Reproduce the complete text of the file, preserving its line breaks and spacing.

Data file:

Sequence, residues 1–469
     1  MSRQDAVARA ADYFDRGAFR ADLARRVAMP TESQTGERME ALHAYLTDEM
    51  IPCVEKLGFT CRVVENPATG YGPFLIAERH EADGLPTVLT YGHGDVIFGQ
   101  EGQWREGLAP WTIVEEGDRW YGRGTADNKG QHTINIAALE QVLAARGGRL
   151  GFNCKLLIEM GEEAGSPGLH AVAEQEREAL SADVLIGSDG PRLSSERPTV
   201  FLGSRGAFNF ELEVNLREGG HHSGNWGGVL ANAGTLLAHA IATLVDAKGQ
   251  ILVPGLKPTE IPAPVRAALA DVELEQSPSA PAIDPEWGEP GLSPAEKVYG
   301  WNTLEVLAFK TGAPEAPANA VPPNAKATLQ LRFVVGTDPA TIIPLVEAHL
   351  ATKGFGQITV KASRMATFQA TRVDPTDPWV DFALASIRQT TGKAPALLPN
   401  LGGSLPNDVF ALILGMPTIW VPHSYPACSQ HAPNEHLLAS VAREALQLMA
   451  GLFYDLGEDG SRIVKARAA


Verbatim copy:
Sequence, residues 1–469
     1  MSRQDAVARA ADYFDRGAFR ADLARRVAMP TESQTGERME ALHAYLTDEM
    51  IPCVEKLGFT CRVVENPATG YGPFLIAERH EADGLPTVLT YGHGDVIFGQ
   101  EGQWREGLAP WTIVEEGDRW YGRGTADNKG QHTINIAALE QVLAARGGRL
   151  GFNCKLLIEM GEEAGSPGLH AVAEQEREAL SADVLIGSDG PRLSSERPTV
   201  FLGSRGAFNF ELEVNLREGG HHSGNWGGVL ANAGTLLAHA IATLVDAKGQ
   251  ILVPGLKPTE IPAPVRAALA DVELEQSPSA PAIDPEWGEP GLSPAEKVYG
   301  WNTLEVLAFK TGAPEAPANA VPPNAKATLQ LRFVVGTDPA TIIPLVEAHL
   351  ATKGFGQITV KASRMATFQA TRVDPTDPWV DFALASIRQT TGKAPALLPN
   401  LGGSLPNDVF ALILGMPTIW VPHSYPACSQ HAPNEHLLAS VAREALQLMA
   451  GLFYDLGEDG SRIVKARAA